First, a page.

Saturday, June 30, 2007
** added later: related video on youtube of a frustrated MSNBC newscaster about to loose it on the air, being goaded by her colleagues. She agrees with me and others that the Paris Hilton story shouldn't lead.
Friday, June 29, 2007
My dad challenged his readers to join him in a series of “desert island” reviews – the most essential, can’t-live-without-‘em, albums in your collection. This is a personal list, not a best-of list. If I’m stuck on this island with other people who I would share music with, I might change my answers a bit. So, I don’t know how many of these posts I’ll do, but I’ll start today.
I remember waiting anxiously for my pre-ordered copy of this cd to arrive in the mail. When it finally came I was immediately in love – every song was stunning in its own way. It covers a range of content – from love songs (Lifelong Fling) to political statements (Remind Us) to songs that defy categorization (most of the rest of them). I have always loved Karin and Linford’s lyrics, and their music for that matter. And this album really showcases everything that I love about them.
Tuesday, June 26, 2007
Now, I'm not sure if these requests really do anything to improve the level of political discussion or not, but it definitely draws attention to the theatrical quality of some of this political entertainment (in case there is anyone left who doesn't think Ann Coulter is theatrical, I suppose). Perhaps pointing out how unproductive personal attacks are is fruitful in itself. If nothing else, it helps politicians separate themselves from entertainers by emphasizing their own seriousness.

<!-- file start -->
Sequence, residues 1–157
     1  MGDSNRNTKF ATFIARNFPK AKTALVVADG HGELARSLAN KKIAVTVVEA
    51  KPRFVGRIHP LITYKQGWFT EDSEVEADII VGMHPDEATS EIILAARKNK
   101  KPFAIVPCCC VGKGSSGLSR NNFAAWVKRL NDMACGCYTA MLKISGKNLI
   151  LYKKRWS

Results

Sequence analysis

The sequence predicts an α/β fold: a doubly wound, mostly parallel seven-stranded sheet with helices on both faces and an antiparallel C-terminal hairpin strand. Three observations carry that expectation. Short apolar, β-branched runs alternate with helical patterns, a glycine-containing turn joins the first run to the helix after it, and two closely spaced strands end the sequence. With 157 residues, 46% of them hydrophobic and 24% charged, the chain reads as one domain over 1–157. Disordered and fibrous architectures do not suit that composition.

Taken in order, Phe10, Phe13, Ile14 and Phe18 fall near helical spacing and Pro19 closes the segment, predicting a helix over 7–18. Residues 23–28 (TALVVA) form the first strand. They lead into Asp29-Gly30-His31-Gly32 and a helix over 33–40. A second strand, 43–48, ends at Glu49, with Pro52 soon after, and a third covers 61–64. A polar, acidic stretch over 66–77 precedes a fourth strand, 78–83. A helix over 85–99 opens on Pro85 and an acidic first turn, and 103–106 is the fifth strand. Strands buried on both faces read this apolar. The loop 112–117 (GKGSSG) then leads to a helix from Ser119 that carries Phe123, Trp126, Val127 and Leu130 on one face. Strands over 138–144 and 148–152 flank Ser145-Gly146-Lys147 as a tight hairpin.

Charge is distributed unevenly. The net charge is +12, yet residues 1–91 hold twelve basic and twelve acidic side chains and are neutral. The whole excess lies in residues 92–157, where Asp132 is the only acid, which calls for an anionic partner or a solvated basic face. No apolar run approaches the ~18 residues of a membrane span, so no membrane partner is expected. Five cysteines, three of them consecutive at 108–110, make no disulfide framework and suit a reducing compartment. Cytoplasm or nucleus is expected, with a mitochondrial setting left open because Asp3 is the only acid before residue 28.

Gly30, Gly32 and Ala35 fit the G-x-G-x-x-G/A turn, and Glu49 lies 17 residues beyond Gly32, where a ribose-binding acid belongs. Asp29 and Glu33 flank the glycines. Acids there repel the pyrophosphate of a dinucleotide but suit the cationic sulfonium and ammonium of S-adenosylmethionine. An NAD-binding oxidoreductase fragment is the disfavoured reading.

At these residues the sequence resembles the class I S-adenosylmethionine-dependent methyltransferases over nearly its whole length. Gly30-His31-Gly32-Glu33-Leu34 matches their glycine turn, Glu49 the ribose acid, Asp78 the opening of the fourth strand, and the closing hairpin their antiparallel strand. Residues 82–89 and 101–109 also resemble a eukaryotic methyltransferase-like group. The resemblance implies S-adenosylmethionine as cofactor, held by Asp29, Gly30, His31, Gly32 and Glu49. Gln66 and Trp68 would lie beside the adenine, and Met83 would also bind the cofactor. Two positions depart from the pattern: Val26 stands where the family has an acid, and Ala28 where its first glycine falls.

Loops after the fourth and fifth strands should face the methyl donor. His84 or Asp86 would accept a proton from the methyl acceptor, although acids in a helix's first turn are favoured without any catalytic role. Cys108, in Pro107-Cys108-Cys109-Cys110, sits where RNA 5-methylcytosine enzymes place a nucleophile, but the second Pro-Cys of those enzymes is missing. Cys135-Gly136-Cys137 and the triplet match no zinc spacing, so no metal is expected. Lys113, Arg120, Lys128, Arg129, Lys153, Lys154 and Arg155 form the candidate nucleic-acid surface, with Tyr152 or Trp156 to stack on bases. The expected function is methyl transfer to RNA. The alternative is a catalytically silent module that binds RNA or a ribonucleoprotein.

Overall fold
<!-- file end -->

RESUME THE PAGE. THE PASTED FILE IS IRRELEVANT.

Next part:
Barack Obama is still my candidate, but I'm growing more and more fond of Ms Edwards.
Tuesday, June 19, 2007
The truth, of course, is that political campaigns get interesting only when the candidates stop speaking in ringing generalities and infuriating phrases, which doesn't mean that they therefore become successful or even good for the country. Sen. John McCain's 2000 campaign appealed precisely because he eschewed pre-prepared gobbledygook—though that wasn't enough even to win the Republican nomination.While I am quick to point out the art of political speech, I think the writer has a point here. Indeed, my memorable introduction to the difference between the art of rhetoric and the art of poetry came when I attempted to analyze a political speech for the beauty of the language. While some speeches certainly have a beauty of rhythm and image, the training I had from English Department New Critics (the irony of calling this method new criticism is that to me it is the oldest) did not suffice. While truly great political speeches create new paradigms, inspire, and persuade, the vast majority, perhaps, aim simply to not alienate anyone. Especially in a media environment that searches for a good clip, repeating phrases that are generally agreeable seem to be in a candidates interest.
Is this sad or just the way of things? Is there a way to train the public to wade through the tired cliches and discover policy differences? Can politicians find a way to grab attention without ruining their ethos?
Monday, June 11, 2007